[arch-general] Concurrent java environments

Ondřej Kučera ondrej.kucera at centrum.cz
Sun Feb 24 08:14:05 EST 2008


> I see a HUGE headache is asking the user to deal with "changing paths"
> just so a few users can have two java implementations installed. Or
> even worse asking some sort of software to 'automagically' switch such
> declarations. there is nothing but grief in going that route with
> little to gain except for those highly specific usages of a untypical
> and quite unusual user such as yourself.
> i.e. There is nothing whatsoever K.I.S.S. in what you are asking for.
> And ArchLinux is *very* SPECIFICALLY a K.I.S.S. style distribution.
> however all is not lost for you since there *IS* both abs AND a way to
> track specialized PKGBUILDs on specific and particular machines. A
> user such as yourself CAN (!) choose to do the things YOU desire
> without asking Arch to accommodate what you ask for. i.e. You can do
> this for yourself quite easily using the Arch-way once you determine
> EXACTLY how to accomplish your configuration. I would suggest you
> read up on customizing PKGBUILDs so you can facilitate YOUR specific
> needs.

I think you misunderstood my intentions. I certainly don't want users
to deal with changing paths if that was what it took. But I don't think
this is necessary. The way I see it is this: now users can have one and
only one java implementation. They can choose whether it is based on
GNU's gcj+classpath or Sun's jre/jdk. Either way as long is the java
application is "sane" and doesn't need Java 6 features (which are afaik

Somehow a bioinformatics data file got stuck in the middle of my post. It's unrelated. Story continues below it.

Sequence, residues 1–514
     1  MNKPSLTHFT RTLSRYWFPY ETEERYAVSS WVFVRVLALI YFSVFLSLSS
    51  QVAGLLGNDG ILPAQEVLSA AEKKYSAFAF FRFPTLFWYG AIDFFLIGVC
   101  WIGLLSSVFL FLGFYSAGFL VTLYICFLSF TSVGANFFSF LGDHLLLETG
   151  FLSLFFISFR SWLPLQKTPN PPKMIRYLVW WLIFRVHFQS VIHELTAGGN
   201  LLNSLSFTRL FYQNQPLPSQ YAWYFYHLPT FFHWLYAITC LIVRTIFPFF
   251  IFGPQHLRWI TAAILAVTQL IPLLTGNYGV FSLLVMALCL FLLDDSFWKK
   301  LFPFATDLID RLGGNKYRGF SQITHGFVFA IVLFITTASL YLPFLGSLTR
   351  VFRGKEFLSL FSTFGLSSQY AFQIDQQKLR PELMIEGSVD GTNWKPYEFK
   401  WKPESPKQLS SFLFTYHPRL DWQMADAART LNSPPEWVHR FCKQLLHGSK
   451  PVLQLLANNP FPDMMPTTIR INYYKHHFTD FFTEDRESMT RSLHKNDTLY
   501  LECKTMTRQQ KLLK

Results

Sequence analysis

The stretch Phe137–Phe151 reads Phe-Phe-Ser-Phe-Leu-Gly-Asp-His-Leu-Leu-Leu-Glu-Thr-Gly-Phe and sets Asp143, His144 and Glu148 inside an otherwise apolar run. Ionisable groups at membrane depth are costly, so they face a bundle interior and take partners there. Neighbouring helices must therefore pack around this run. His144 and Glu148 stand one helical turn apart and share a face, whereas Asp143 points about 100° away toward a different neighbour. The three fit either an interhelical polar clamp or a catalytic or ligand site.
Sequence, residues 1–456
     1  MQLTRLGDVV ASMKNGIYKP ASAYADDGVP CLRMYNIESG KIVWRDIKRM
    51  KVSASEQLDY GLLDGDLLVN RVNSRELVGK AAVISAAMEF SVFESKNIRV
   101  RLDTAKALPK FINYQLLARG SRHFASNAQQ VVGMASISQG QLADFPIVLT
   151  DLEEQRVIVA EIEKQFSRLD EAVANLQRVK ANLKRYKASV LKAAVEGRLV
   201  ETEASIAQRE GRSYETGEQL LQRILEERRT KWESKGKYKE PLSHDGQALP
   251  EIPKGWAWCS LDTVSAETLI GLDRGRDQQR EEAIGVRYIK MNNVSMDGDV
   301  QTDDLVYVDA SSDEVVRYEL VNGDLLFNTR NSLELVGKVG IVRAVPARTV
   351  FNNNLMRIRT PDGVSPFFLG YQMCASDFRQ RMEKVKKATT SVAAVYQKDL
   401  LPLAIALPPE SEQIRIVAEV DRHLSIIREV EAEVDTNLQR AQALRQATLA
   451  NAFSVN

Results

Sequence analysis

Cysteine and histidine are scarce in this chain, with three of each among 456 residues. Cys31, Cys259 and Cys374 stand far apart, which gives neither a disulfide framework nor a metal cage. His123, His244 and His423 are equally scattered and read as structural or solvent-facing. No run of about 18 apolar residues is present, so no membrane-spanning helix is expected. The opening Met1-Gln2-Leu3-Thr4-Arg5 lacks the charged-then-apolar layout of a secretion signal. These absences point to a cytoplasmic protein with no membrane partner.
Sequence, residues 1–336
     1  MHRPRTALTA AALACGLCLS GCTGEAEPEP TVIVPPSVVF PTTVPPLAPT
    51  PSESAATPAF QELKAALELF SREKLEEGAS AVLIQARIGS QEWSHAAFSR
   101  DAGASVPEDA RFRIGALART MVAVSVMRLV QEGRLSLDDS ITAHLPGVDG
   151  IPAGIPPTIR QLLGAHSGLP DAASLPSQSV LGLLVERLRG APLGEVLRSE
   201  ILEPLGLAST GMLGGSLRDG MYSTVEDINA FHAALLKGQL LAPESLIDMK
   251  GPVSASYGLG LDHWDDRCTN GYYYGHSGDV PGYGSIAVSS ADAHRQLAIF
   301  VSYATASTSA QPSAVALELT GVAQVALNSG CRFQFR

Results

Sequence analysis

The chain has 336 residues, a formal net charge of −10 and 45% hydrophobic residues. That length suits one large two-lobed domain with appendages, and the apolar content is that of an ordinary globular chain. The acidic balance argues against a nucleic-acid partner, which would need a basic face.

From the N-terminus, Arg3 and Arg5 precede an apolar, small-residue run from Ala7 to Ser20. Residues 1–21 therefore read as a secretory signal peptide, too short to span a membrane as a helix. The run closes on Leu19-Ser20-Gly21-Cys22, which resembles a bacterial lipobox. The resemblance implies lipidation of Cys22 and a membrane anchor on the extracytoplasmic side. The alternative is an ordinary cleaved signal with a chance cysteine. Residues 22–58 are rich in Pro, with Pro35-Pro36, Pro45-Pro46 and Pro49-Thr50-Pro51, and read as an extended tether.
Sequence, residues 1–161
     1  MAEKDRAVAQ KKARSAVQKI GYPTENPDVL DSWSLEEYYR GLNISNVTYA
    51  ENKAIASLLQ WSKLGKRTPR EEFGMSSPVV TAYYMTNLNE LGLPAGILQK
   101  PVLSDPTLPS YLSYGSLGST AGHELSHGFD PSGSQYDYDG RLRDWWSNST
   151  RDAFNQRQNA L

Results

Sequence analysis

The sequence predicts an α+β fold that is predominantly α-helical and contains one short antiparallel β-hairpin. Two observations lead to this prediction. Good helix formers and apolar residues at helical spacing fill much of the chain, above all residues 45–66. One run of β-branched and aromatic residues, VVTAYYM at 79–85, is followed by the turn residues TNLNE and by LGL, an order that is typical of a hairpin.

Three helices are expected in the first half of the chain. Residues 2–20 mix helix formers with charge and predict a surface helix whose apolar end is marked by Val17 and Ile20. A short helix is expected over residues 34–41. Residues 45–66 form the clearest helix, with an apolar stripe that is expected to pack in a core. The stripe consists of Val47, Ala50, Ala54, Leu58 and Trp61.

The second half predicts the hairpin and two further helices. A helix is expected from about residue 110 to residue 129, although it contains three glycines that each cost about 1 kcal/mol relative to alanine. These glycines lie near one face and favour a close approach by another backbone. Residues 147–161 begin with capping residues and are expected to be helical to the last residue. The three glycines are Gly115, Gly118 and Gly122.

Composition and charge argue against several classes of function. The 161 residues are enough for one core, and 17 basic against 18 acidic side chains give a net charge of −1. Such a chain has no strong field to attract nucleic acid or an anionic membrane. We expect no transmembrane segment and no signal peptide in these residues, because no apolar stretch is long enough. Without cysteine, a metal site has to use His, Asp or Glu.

not included in gcj), it will run OK.

If Arch provided a way to have both environments installed, nothing
needs to be changed for normal users. They would choose one of the
environments and everything would run as smoothly as it does now,
that's the beauty of it and I don't see where it contradicts KISS.

Only some users who want to have more choice would install both
environments. There would have to be one default, frankly I don't care
which but probably it would be easier if it was the GNU's because it is
in /usr/bin. If such an advanced user needed to run some application
under Sun's java, they would probably only need to write a simple
script which would put /opt/java/bin at the start of $PATH and perhaps
set $JAVA_HOME. But this wouldn't have to be done by all users like you
were saying, I would never suggest something like that.

So actually I disagree, I think what I'm asking still complies to KISS.
I mean one of the points of using Linux is to have a choice - you can
choose your distribution, you can choose your favorite video player,
you can choose your favorite PDF reader and you can choose to install
three or five of them so that you can switch if you have a video file
that your favorite player is unable to play or a PDF file that your
favorite PDF reader has trouble printing. One of the reasons I chose
ArchLinux was because it has so many packages available and most of
them I can have installed at the same time. That's why I'm surprised
that such a decision was taken not because there was some technical
difficulty but because somebody felt that (almost) no one needs more
than one java.

Yes you're right, there is ABS and I can just rebuild my own jre/jdk
packages. The only problem is - one of the other reasons why I chose
ArchLinux was that the major "everyday" packages are prepared and I
don't have to compile them myself. And it feels rather strange (and
actually this I find a little contradictory to KISS) having to rebuild
both packages with the only change to the PKGBUILDs in the way that I
would change their "conflicts" line (perhaps I could actually use the
binary packages and tell pacman to ignore dependencies).

In conclusion, I don't want to fight or argue or be offensive in any
way. If I'm missing something important that would make life of other
users more complicated, please tell me. But so far I don't see what it
is in my request (actually it started as more of a question really)
that would complicate things for users that want to have only one java
installed (which would be probably the most of them).


Ondřej Kučera

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